An incubation study of methane production in a thermokarst-lake system

January 31, 2014 • Filed under: News — melanie.rohr

WERC graduate student Joanne Heslop presents results from her research on methane production from Vault Lake and the Vault Creek Permafrost Tunnel.

Friday Seminar Series

  • What: An incubation study of methane production in a thermokarst-lake system
  • Who: Joanne Heslop, Graduate Student, WERC
  • When: 3:30-4:30 p.m., Friday, Jan. 31
  • Where: Duckering 531

Thermokarst lakes, formed in permafrost‐thaw depressions, are known sources of atmospheric methane but the location of gas production in a thermokarst‐lake environment is not well constrained. This study compares methane production potentials of samples collected from various depths along a 5.5‐m deep lake sediment core and an adjacent 40‐m deep undisturbed permafrost profile, allowing for direct determination as to where methane is originating within an active thermokarst‐lake landscape.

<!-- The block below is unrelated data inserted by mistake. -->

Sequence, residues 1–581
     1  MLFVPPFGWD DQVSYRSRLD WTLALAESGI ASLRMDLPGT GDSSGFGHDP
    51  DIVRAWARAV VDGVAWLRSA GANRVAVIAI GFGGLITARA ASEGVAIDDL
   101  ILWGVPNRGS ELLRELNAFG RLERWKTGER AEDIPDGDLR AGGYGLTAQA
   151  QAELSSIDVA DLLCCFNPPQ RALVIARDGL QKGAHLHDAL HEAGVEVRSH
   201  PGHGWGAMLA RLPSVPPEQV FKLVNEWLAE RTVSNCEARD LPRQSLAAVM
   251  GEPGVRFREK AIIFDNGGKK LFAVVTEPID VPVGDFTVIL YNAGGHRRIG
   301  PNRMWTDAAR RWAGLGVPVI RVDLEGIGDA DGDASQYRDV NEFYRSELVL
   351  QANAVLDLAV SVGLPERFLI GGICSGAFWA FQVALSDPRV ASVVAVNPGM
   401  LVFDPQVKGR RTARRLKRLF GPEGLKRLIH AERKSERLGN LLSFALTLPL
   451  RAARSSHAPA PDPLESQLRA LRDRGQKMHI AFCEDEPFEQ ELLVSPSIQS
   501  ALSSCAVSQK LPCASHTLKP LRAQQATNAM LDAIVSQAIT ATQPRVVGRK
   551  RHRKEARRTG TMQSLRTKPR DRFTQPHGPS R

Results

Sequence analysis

Vault Lake and Vault Creek Permafrost Tunnel are located approximately 40 km north of Fairbanks, Alaska in a region characterized by yedoma permafrost. The Vault Lake sediment core, collected in the center of a ~4000 sq. m lake, captured the surface lake sediments, talik (thaw bulb), and the permafrost actively thawing beneath the lake for comparison to parallel permafrost soil samples from the Vault Creek Permafrost Tunnel. Samples were analyzed for bulk density, ice and water content, organic and inorganic carbon content, C:N ratios, and water‐soluble organic C (WEOC). Initial soil organic matter (SOM) composition was characterized using pyrolysis‐gas chromatography/mass spectrometry (py‐GC/MS). WEOC qualities and composition were characterized using spectrofluorometry. Methane production potentials from 21 depths along the lake core and 16 depths along the permafrost tunnel were measured in anaerobic laboratory incubations. Preliminary results suggest methanogenesis is highest in the top 1 m of the Vault Lake core and at the base of the talik, which is the permafrost thaw
front beneath the lake.

WERC-Seminar-Heslop-1-24-14

Photo by Joanne Heslop.